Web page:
(Article changed on March 30, 2013 at 16:52)
trayvonvigil_26_feb_13_DSC_0021 by Michael Fleshman
In his words, "In modern America we believe racism to be the property of the uniquely villainous and morally deformed, the ideology of trolls, gorgons and orcs. We believe this even when we are actually being racist. In 1957, neighbors in Levittown, Pa., uniting under the flag of segregation, wrote: "As moral, religious and law-abiding citizens, we feel that we are unprejudiced and undiscriminating in our wish to keep our community a closed community."
He ends his column this way, "My wife is not like me. When she was 6, a little white boy called her cousin a n-word, and it has been war ever since. "What if they did that to your son?" she asked. And right then I knew that I was tired of good people, that I had had all the good people I could take.
I have two takes on this article. The first being that good and evil are not autonomous forces that can be ascribed to whole groups of people. They are assessments of individual behaviors and as such, should not be projected whole onto others.
The second is, I'm a mixture of good, bad and neutral, but most importantly, I'm guilty as charged. I'm a racist, albeit a recovering one.
But I wasn't a racist as a young man growing up in a small southern sundown town that had an attitude much like that of Mr. Coates' description of Levittown, PA. The Negroes, as they were called then, had to be out of town by nightfall. They were not served in restaurants. They were not welcome except to shop and leave. Their money was good enough but they weren't. My high school had just integrated the year before I entered and a cross had been burned on the lawn. I don't think it was intended as a celebratory act.
You see, I knew Negroes were inferior, because I grew up in that community and that's the way it was in my world. And that was the only world I knew. At that point I was not a racist.
Then I went to college, my world expanded, Negroes became colleagues and I became a racist. Nothing had really changed but I could now see what I considered "the way it was" was really racism. As I matured, I learned to truly own my racism and eventually learned to manage it.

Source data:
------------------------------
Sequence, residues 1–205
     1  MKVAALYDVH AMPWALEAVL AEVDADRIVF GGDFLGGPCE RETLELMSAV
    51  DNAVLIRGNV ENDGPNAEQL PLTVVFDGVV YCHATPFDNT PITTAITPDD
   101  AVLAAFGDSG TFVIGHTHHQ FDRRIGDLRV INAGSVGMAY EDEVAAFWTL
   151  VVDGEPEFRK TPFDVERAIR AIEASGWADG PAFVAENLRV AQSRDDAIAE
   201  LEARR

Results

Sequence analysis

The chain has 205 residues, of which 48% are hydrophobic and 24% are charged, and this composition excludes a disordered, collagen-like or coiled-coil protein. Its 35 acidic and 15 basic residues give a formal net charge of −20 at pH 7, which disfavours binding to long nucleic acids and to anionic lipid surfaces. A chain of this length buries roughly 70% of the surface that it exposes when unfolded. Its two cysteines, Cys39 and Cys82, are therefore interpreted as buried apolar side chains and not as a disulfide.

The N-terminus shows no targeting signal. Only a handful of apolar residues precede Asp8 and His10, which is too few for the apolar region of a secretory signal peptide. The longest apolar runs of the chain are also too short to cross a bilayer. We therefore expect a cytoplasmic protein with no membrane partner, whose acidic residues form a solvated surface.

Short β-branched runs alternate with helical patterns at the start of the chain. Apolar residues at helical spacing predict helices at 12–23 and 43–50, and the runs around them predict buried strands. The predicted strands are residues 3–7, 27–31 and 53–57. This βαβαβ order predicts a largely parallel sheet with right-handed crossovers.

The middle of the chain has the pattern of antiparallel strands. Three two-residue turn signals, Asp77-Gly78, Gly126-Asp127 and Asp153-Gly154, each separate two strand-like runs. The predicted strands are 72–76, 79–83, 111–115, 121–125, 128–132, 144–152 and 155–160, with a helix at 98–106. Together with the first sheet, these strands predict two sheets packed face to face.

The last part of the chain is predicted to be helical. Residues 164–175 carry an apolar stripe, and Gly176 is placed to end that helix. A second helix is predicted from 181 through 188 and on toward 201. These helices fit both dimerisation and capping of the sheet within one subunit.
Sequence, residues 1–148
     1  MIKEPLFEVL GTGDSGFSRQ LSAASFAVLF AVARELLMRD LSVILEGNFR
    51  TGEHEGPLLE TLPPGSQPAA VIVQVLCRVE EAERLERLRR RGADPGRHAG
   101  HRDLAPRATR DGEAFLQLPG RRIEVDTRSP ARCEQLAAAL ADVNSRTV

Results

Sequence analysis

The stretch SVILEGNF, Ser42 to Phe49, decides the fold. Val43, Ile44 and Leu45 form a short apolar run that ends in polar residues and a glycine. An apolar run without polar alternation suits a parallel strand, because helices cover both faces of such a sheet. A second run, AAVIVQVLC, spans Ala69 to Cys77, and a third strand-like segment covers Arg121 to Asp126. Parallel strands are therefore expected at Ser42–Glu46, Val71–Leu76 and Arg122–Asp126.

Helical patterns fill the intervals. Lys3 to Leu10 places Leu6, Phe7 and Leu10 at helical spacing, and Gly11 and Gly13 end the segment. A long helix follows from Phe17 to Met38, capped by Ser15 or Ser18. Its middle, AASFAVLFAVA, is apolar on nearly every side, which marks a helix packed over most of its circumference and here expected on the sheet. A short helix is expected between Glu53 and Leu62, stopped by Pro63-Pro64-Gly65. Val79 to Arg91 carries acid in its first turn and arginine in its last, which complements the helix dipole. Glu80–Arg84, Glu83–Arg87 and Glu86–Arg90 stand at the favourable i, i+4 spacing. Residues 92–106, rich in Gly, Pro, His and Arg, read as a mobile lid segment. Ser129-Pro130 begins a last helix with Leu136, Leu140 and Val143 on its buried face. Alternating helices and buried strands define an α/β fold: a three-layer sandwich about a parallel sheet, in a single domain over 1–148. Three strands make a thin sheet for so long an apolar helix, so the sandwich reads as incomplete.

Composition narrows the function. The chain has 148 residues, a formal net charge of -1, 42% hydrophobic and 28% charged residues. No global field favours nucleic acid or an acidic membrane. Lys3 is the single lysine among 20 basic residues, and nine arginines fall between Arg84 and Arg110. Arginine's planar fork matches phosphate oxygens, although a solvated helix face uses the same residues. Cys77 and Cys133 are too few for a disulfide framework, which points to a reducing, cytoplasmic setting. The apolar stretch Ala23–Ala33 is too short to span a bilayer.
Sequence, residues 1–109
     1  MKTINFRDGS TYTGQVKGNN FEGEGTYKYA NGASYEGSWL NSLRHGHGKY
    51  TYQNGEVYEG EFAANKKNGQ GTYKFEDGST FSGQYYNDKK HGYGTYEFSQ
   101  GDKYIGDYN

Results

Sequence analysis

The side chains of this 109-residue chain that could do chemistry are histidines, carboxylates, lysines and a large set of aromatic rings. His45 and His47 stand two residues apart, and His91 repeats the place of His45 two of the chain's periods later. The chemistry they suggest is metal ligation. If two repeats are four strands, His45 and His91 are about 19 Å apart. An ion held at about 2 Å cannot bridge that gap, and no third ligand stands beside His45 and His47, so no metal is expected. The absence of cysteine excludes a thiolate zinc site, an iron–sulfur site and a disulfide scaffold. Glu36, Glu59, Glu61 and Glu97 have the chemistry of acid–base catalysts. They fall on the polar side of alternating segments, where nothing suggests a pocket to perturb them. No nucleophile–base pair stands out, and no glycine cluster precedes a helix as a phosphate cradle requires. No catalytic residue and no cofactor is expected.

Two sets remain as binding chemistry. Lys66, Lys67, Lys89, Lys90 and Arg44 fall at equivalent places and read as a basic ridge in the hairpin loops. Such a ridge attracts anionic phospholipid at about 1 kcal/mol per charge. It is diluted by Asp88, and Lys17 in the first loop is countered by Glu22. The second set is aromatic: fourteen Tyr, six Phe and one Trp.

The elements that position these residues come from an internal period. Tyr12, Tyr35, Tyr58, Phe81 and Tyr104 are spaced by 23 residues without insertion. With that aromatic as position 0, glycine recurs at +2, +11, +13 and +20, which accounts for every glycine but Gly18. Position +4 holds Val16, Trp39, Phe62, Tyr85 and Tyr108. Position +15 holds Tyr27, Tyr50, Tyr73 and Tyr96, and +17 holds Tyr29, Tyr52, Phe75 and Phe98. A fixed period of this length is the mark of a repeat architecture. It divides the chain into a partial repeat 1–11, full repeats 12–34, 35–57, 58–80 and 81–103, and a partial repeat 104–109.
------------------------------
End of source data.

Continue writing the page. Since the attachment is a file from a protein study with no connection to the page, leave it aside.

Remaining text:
The point I am making is I believe most American's over a certain age are racists. Those who don't think they are, truly believe that their prejudices accurately describe "those people." So I think more useful distinctions when speaking about racism would be conscious and unconscious.
When we are conscious of our racism, we have a chance at managing it. When we are not, we can't see our prejudices and will argue to defend our world view as "the way it is."
As long as I'm being honest, there's this: My racism becomes more difficult to manage when I see the sacrifices made by people like Medgar Evers, and Martin Luther King wasted by some of the young. Their memories are soiled by a segment of the communities they died for. And the responsibility to manage this belongs to someone else. A little honesty about that would be refreshing too.
That said, racism is a disease of the mind spread subliminally. Once infected, it's incurable. The only treatment protocol begins with conscious awareness and acknowledgment and ends in remission. So it can be managed. I'm in my seventh decade of living in America and I'm convinced it can't be cured. Because if it could we would have stamped it out by now.
In summary, I hold no one responsible for my racism but me. It's my burden to carry and believe it or not I do a pretty good job of it in spite of the fact that I'm still a racist. The good news is that my grandchildren are not.
Robert De Filippis